Finance for climate action: scaling up investment for climate and development
Humanity is at a crossroads – a moment of great risk and great opportunity. One path leads to attractive growth and development; the other to great difficulties and destruction. As shown by each successive report from the Intergovernmental Panel on Climate Change, climate change is occurring at a faster pace than previously anticipated, the impacts and damage are greater than foreseen, and the time for remedial action is rapidly narrowing.
This report of the Independent High-Level Expert Group on Climate Finance is intended to provide a framework for finance for climate action, covering the overall needs for the comprehensive approach embodied in the Paris Agreement and UNFCCC. All the elements are necessary and urgent and most of the actions must start now; it is the science and the world’s perilous condition that set the urgency and timing.
The logic of this paper follows from the logic of delivering on the goals of the Paris Agreement and the Glasgow Pact. The first part focuses on the purpose and necessary investment and actions, drawing on earlier work on the analysis of investments. The second part is about the scale and nature of the different forms of finance that are necessary and how they complement each other. The final part is on how the framework and the key elements described can be taken forward through our systems for international collaboration.
- Acting on climate is about transforming our economies, particularly our energy systems, through investing in net zero, adaptation, resilience and natural capital. Achieving this transformation will not be easy. It requires strong investment and innovation, and the right scale of finance of the right kind and at the right time.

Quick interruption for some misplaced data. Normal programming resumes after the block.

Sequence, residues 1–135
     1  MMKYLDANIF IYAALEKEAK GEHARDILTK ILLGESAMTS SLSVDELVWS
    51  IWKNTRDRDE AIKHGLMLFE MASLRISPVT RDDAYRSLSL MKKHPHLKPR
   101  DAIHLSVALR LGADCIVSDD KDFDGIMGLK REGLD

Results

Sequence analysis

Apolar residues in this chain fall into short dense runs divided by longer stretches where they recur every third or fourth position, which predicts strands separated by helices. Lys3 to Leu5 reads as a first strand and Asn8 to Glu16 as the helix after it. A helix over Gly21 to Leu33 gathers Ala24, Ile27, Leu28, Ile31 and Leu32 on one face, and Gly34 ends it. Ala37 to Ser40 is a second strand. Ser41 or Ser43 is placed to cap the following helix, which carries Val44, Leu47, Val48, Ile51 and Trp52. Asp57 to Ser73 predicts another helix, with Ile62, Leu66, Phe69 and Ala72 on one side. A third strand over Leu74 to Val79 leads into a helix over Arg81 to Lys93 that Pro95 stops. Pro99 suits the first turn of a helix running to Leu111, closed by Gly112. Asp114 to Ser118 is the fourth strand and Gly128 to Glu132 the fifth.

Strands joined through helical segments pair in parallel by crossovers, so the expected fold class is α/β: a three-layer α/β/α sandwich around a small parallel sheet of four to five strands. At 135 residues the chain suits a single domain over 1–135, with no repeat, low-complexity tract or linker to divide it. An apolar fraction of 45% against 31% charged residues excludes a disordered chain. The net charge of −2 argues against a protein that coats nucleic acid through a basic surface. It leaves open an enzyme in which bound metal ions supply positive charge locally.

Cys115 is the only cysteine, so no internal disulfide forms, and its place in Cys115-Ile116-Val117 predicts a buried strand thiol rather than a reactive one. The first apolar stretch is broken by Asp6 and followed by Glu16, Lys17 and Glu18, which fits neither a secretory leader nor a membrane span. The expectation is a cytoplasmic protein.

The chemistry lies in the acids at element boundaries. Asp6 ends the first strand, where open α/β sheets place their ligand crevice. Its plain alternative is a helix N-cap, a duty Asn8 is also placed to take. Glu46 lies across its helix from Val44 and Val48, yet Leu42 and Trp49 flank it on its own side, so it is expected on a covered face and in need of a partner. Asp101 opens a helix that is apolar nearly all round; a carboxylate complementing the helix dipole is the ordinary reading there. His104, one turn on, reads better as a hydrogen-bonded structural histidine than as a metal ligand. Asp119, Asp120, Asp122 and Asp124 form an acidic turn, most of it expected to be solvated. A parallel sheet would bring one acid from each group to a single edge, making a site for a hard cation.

- The failure to deliver the climate finance commitment of $100 billion per year by 2020 made by developed countries at successive COPs has eroded trust. The world needs a breakthrough and a new roadmap on climate finance that can mobilise the $1 trillion per year in external finance that will be needed by 2030 for emerging markets and developing countries (EMDCs) other than China.
- A major, rapid and sustained investment push is needed to drive a strong and sustainable recovery out of current and recent crises, transform economic growth, and to deliver on shared development and climate goals.
- The key investment priorities must encompass transformation of the energy system, respond to the growing vulnerability of developing countries to climate change, and restore the damage to natural capital and biodiversity.
- Country/sector platforms driven by countries can bring together key stakeholders around a purposeful strategy, scaling up investments, tackling obstacles or binding constraints, ensuring a just transition and mobilising finance, especially private finance.
- The scale of the investments needed in EMDCs over the next five years and beyond will require a debt and financing strategy that tackles festering debt difficulties, especially those of poor and vulnerable countries, and that leads to a major expansion of both domestic and international finance, public and private, concessional and non-concessional.
This report was prepared by the Independent High-Level Expert Group on Climate Finance, co-chaired by Dr Vera Songwe and Professor Lord Nicholas Stern, at the request of the Egyptian Presidency of COP27, the UK Presidency of COP26 and the UN Climate Change High Level Champions for COP26 and COP27.